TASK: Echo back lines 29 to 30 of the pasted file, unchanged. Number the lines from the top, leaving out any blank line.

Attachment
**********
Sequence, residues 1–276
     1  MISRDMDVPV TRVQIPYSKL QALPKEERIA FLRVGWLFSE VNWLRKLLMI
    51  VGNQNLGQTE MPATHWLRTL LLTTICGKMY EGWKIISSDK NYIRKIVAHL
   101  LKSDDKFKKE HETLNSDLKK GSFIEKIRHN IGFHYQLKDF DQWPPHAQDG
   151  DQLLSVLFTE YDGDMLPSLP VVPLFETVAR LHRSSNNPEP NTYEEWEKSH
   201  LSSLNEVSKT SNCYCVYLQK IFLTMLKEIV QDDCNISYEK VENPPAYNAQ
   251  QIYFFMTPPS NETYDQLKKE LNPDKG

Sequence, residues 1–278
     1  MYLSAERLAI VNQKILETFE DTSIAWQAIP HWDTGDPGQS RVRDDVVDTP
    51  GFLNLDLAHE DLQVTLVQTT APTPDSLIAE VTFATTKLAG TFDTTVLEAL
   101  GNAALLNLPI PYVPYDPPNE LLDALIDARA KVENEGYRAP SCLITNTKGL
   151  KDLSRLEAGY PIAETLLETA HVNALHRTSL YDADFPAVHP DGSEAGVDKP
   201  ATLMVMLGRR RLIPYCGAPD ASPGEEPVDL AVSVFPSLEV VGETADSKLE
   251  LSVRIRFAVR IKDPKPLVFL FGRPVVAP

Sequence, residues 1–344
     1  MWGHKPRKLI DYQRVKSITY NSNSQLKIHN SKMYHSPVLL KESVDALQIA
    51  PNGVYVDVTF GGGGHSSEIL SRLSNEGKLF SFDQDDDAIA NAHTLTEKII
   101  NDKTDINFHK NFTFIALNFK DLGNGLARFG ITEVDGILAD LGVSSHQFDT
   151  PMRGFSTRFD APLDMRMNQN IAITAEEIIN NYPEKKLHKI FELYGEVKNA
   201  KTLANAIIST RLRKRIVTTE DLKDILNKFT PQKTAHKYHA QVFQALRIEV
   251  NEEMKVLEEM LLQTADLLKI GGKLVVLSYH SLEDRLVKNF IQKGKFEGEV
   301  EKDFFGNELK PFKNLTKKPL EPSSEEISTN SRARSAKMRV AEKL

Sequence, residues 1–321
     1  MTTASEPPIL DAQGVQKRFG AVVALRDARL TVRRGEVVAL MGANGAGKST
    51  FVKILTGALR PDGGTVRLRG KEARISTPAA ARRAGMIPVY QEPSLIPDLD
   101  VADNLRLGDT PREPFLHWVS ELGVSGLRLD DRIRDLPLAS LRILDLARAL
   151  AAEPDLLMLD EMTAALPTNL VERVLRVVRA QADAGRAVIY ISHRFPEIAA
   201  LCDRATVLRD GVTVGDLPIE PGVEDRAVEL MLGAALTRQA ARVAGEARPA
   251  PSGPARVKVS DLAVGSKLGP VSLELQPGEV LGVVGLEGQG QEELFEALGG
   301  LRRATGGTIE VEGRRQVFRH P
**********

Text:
   251  PSGPARVKVS DLAVGSKLGP VSLELQPGEV LGVVGLEGQG QEELFEALGG
   301  LRRATGGTIE VEGRRQVFRH P